Her degree complete, Palace somewhat reluctantly proceeds to the graduation party where she and her fellow students can be together one last time. Multimedia artist Syms, in collaboration with fellow artist Diamond Stingily as Palace, has created a remarkably candid and imaginative drama.

Unfolding over a 24-hour period, this artsy, hyperactive marathon traces Palace’s mental journey, casting a satirical eye over the art world, with all its microaggressions, absurdity and hypocrisy.

Showing: Tue 11 Oct 18:15 at Prince Charles Theatre
Wed 12 Oct 18:00 at Curzon Soho Screen 2
Wed 12 Oct 18:15 at Curzon Soho Screen 3



Brother – directed by Clement Virgo

Aaron Piece and Lamar Johnson star in Brother
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Clement Virgo’s film is a bold and breath-taking story of brotherly love, set over three separate time periods, in Toronto’s West Indian community.

When his childhood sweetheart Aisha returns to their Toronto neighbourhood of Scarborough for the first time in 10 years, Michael is forced to revisit a family tragedy. Growing up as young Black boys in a neighbourhood prone to gang violence and police brutality, older brother Francis was Michael’s best friend, protector and even parent when their Jamaican mother worked night shifts. As they grow older, Francis and Michael’s lives diverge, as Francis immerses himself in Scarborough’s West Indian community. But there remains a fierce, unconditional love between the brothers and their mother – it’s them against the world.

As a lonely and closed-off Michael is helped by Aisha to face the memories of a past that he’s been shutting out, he may finally be able to break free and love again.

Virgo movingly adapts David Chariandy’s bestselling book, creating a vibrant world and sensitively exploring complex but unbreakable family bonds.

Showing: Wed 12 Oct 17:50 at BFI Southbank NFT1
Thu 13 Oct 20:30 at BFI Southbank NFT2
Sun 16 Oct 20:40 at BFI Southbank Studio



Till – directed by Chinonye Chukwu

BFI London Film Festival
Cedric Joe and Danielle Deadwyler star in Till
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Director Chinonye Chukwu delivers on the promise of her debut, Clemency (LFF 2019).

While in Mississippi for a family visit, 14-year-old Emmett Till was kidnapped and murdered after being wrongfully accused of harassing a white woman, Carolyn Bryant. When it became clear that the white establishment was unconcerned with bringing his killers to justice – and Bryant was prepared to lie to protect the murderers – Emmett’s mother Mamie turned reluctant activist, her fight becoming a major catalyst for the US Civil Rights movement.

Danielle Deadwyler brings deep emotional resonance to her role as Mamie Till-Mobley. With this expertly crafted and emotional period drama, produced by Barbara Broccoli and also starring Whoopi Goldberg, Londoner Tosin Cole and Haley Bennett, who plays Bryant with bitter hatefulness.

Chukwu shows great consideration to avoid exploiting the physical violence against Emmett, with much care evident in her construction of scenes of the attack. But she is also not interested in the comfort of audiences looking to identify with whiteness. As relevant now as ever, Till is intelligent, emotional and gripping from the first shot to the last.

Showing: Sat 15 Oct 17:30 at Southbank Centre
Sun 16 Oct 14:45 at Southbank NFT1



After Sherman – directed by Jon Sesrie Goff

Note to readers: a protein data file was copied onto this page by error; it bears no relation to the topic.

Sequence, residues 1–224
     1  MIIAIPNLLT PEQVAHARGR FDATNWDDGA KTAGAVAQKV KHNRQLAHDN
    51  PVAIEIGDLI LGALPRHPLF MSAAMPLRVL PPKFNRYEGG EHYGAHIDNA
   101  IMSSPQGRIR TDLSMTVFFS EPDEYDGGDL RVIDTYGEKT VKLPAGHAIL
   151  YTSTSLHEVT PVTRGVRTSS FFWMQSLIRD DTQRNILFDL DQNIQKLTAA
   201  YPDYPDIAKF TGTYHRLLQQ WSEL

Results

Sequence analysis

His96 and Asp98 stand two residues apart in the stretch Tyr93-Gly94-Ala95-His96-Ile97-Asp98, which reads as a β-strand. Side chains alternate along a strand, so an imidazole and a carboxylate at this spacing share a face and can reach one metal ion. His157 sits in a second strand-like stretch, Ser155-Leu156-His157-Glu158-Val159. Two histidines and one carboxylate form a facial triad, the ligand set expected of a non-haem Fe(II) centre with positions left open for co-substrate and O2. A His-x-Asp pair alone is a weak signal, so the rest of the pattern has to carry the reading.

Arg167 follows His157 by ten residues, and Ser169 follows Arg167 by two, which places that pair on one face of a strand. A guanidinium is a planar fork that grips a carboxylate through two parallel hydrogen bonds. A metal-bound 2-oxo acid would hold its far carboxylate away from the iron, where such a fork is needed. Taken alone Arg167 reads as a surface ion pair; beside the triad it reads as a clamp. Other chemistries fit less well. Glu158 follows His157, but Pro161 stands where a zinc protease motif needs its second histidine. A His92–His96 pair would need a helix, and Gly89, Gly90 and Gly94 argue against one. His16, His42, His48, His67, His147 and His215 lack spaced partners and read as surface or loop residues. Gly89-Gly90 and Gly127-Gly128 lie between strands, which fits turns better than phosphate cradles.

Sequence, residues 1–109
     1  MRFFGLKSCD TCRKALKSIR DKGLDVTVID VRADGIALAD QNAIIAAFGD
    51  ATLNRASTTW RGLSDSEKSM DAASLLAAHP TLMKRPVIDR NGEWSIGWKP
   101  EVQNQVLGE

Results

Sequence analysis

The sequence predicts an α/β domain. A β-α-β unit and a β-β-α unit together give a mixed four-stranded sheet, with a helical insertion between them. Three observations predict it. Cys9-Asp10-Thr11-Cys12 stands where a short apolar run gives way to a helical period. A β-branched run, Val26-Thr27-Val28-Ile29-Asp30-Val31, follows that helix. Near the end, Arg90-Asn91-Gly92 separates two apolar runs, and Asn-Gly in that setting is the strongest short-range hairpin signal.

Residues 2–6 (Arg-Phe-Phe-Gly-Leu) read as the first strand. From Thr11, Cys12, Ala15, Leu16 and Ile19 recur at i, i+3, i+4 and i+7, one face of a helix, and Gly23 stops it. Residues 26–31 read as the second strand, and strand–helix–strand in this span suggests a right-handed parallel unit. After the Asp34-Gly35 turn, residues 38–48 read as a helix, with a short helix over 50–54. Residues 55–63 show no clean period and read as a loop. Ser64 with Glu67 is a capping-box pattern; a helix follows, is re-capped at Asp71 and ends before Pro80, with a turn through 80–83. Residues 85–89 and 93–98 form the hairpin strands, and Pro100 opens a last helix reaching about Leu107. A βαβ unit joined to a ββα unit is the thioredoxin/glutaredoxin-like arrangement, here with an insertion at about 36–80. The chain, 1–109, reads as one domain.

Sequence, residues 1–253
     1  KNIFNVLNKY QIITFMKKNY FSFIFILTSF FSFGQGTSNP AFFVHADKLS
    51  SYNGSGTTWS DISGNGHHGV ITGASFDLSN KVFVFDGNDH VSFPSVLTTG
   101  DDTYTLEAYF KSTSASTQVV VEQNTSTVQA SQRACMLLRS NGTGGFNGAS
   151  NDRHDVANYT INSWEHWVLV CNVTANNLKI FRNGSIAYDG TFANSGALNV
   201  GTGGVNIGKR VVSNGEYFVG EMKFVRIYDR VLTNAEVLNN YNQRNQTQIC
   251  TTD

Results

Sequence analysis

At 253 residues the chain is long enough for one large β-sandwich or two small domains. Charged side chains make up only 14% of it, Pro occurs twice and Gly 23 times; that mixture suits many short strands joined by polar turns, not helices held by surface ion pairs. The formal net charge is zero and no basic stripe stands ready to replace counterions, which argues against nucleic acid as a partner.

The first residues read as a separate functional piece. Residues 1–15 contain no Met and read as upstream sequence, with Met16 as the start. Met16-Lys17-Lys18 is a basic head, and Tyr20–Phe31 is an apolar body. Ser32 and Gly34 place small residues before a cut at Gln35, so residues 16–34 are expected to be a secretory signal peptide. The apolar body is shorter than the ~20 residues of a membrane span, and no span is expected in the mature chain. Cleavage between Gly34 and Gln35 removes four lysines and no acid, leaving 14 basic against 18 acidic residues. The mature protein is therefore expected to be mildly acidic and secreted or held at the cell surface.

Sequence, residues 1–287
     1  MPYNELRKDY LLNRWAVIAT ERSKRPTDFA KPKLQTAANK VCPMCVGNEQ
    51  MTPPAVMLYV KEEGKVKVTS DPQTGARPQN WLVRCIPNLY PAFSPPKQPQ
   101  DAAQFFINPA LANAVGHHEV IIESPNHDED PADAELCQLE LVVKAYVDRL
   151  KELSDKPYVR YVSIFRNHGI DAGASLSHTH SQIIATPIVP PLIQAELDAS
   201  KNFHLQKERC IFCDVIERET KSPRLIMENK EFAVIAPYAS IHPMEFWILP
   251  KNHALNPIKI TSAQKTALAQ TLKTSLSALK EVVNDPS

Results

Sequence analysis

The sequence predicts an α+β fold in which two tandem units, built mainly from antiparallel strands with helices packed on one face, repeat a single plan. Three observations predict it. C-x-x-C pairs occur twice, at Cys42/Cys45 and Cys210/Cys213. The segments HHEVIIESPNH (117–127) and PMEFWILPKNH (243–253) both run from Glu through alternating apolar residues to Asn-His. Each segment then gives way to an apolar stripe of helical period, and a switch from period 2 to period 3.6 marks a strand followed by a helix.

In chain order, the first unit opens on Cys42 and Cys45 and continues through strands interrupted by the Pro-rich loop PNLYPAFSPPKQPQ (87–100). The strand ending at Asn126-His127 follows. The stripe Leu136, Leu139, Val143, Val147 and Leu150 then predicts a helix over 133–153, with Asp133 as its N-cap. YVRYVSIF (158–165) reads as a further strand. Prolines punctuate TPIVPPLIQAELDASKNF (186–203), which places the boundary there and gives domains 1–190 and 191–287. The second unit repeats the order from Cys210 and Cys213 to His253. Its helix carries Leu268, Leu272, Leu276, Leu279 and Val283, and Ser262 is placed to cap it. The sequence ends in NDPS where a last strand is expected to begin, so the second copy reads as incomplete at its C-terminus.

BFI London Film Festival
After Sherman
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In this soulful debut documentary, Jon-Sesrie Goff examines the history and traditions of his South Carolina birthplace.

Home is a complicated notion for Goff, as it is for many African Americans. How do you reconcile the fact that country you are born in is not the one from which your ancestors originated? And for Goff, home is a deeply unique place, having grown up in a small Gullah Geechee community, best known in popular culture from Julie Dash’s 1991 drama Daughters of the Dust.

Centred around a conversation between the director and his Reverend father, After Sherman is an expansive portrait of African Americans searching to preserve their sense of identity, grapple with a collective past and move beyond the tragedy of the Charleston shooting.

Shot through with Goff’s unique and experimental style, this is also a film about community, solidarity and joy.

Showing: Mon 10 Oct 18:15 at Institution of Contemporary Arts
Tue 11 Oct 13:45 at BFI Southbank NFT2



God Said Give ‘Em Drum Machines – directed by Kristian R Hill 

BFI London Film Festival
‘God Said Give’ Em Drum Machines’
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Revisit the African American origins of techno music in Kristian R Hill’s fascinating, hugely enjoyable and often surprising journey through the musical genre.

What’s the image that comes to mind when you think of techno? For most, it will likely be white men performing to huge crowds at festivals, laser shows and all-night clubs. What you might not immediately think of is young African American men in Detroit, influenced by the country’s history of dance music, and playing around with drum machines and synthesizers.

Using a wealth of archive footage and interviews, Hill not only traces the history of techno music, but African American culture and music, and how it all culminated in the creation of an utterly unique and distinctive sound.

With the re-emergence of techno and house influenced music this year, there’s no better film to take you back to its roots.

Showing: Thu 6 Oct 20:30 at Contemporary Arts
Sat 8 Oct 12:15 at Curzon Soho Screen 2
Sat 8 Oct Soho Screen 3

To learn more about the films view the BFI London Film Festival 2022 brochure.